December 30, 2015 Interview – Johnny Dee of Britny Fox
Dust off those old LPs, breakout that vintage 1988 circa tour t-shirt, because rockers Britny Fox are back. Initially established some three decades ago, Britny Fox rose to prominence during the height of what is called the Glam Metal era and attained success with their 1988 major label self-titled debut which sported the big hit “Girlschool.” Playing big arenas, building a strong fanbase, and doing what they love, as the ’90s approached, the tides of Rock changed, and thus Britny Fox bowed out. Like an athlete whose career may have been ended too soon, the fire inside the band never truly died, and twelve years after their last studio record, Britny Fox are ready to Rock-n-Roll once more. Recently we caught up with long-time drummer Johnny Dee for a closer look at the wild years of Britny Fox, their inspiration to reunite, plans for new music, and more.
CrypticRock.com – Britny Fox came together about three decades ago, and during the ’80s, the band had a good deal of success. Looking back, in hindsight, what were those years like when you had joined up in 1987?
Johnny Dee – I would say it was pretty exciting because I was not there from the very beginning, the formative year or so; a lot of the early writing and rehearsing process. Although, I am from the same area, I have known all the guys from the beginning, so we were all kind of playing the scene, if you will. The energy was really just apparent for everybody. The fact that Britny Fox was able to rise above the rest of the bands, to a certain degree, and actually get that initial interest from a label. To come into the band at that point for me was really pretty cool because a lot of the tougher stuff was already kind of crossed. Now, it was like, “Ok, you joined the band, we are gonna do some shows. We are gonna go in the studio and record our first major record for a label.” The possibilities were endless. I think it was a really exciting time for everybody, especially because that type of music was so popular at the time. To be launching ourselves into that on a big level and finally be on the arena stage, that was part of the best experience.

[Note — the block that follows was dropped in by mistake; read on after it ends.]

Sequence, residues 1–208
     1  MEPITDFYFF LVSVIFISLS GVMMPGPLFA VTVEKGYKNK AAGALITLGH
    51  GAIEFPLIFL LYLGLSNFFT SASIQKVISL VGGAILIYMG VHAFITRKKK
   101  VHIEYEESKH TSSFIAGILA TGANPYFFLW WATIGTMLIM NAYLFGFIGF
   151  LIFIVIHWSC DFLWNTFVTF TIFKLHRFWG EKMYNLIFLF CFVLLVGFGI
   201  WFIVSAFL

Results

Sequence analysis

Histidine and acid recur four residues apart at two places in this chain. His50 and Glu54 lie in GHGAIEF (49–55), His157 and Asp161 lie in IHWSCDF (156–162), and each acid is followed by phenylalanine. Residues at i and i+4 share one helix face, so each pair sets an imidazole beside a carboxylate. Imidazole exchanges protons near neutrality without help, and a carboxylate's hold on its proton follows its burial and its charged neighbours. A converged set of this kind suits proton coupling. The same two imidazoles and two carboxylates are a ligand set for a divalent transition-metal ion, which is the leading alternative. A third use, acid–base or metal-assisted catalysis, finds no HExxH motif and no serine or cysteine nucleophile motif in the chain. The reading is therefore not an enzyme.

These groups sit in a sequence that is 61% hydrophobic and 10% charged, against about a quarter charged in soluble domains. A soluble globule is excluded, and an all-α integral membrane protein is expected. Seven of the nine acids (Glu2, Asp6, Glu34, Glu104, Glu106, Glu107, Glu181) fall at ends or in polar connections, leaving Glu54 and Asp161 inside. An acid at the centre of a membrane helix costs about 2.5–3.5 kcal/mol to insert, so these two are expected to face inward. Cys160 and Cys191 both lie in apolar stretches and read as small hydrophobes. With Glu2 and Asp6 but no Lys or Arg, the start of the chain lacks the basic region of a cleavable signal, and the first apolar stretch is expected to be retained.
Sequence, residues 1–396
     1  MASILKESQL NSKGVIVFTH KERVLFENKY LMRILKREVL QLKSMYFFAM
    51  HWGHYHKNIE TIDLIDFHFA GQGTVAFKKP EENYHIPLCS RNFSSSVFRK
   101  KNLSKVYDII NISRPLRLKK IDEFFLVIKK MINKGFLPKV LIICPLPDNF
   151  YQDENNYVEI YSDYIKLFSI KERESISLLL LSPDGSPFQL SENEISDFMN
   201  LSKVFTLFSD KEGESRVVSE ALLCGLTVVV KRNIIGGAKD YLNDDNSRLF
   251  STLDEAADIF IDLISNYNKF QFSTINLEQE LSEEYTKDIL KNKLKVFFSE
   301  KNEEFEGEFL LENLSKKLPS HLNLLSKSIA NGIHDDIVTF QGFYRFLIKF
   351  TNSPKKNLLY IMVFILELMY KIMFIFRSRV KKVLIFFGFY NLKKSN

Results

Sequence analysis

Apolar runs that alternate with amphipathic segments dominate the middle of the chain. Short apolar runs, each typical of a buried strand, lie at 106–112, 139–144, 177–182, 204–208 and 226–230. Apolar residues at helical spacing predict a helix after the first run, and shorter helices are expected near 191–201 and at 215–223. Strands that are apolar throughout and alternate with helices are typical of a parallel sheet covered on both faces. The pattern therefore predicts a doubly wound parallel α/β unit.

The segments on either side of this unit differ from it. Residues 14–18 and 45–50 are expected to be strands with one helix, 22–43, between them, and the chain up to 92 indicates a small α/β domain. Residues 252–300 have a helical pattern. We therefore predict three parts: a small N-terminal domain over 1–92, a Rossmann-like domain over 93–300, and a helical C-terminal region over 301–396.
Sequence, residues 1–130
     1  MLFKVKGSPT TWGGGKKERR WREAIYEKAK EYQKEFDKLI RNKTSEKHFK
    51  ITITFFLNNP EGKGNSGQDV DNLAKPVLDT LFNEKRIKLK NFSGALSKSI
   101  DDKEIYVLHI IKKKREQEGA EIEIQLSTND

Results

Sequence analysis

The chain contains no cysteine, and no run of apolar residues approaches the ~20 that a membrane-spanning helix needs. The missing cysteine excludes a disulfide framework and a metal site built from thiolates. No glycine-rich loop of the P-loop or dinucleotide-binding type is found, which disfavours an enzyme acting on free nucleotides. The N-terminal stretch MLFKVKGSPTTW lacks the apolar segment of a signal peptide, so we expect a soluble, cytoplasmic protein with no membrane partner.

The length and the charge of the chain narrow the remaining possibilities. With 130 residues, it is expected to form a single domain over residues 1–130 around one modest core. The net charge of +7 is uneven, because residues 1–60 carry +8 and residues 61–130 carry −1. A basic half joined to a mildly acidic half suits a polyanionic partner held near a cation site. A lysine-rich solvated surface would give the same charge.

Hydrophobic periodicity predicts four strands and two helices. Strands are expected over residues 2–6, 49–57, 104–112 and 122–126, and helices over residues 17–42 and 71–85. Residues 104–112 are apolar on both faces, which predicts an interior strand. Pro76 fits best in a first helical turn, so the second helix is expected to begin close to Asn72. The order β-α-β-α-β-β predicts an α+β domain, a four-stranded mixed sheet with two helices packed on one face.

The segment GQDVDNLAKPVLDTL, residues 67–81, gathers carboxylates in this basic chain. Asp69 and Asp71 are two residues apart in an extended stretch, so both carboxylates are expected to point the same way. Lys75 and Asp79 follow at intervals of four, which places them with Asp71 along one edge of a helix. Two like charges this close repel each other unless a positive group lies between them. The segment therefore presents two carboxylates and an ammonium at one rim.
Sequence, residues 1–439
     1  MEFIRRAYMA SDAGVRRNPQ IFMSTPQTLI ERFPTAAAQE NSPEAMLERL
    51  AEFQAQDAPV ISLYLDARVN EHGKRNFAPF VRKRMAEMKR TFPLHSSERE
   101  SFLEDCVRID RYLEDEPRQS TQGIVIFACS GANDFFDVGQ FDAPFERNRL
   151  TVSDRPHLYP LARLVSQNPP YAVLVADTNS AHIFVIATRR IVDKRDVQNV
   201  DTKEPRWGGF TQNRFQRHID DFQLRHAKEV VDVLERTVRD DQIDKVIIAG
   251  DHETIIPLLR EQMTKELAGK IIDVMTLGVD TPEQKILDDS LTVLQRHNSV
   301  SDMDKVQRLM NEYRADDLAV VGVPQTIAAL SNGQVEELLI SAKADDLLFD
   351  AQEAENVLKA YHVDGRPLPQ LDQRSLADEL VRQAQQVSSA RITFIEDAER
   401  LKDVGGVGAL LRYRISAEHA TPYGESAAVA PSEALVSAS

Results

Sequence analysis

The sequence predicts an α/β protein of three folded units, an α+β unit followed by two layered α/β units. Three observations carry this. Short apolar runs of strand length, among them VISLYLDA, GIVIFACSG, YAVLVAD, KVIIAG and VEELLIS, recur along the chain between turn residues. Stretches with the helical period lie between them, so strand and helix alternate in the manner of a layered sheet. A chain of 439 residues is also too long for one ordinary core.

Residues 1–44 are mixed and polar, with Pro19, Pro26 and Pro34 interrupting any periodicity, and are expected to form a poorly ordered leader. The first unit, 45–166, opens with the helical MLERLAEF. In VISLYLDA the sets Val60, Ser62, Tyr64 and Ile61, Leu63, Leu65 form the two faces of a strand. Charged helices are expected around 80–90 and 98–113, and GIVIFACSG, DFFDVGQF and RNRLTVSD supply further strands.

CrypticRock.com – One could imagine it had to be an exciting time. You had joined the band after the sad circumstances of Tony Destra’s passing. Do you remember what the moral, the feeling of the rest of the band members was when you came about into the band?
Johnny Dee – Not to say anybody was over it by any means, because it was the spirit of Tony, we had hoped to capture that, on the record. The record was dedicated to him, he was a big part of the sound of the band. A lot of the drum fills that I had to play and learn, pretty much all the songs on the first album, had Tony’s signature all over them. As far as anybody being really down, I don’t think that was the case. Right when it went down, I was there that night at the Galaxy Club when it all happened. I did not witness anything, but I heard about it, I knew what happened. I think I found out the next day and it was pretty intense, especially because the band was showcasing on the evening that it happened. So all that potential turned to a tragic situation, and it was just like, “Man, this is horrible timing.”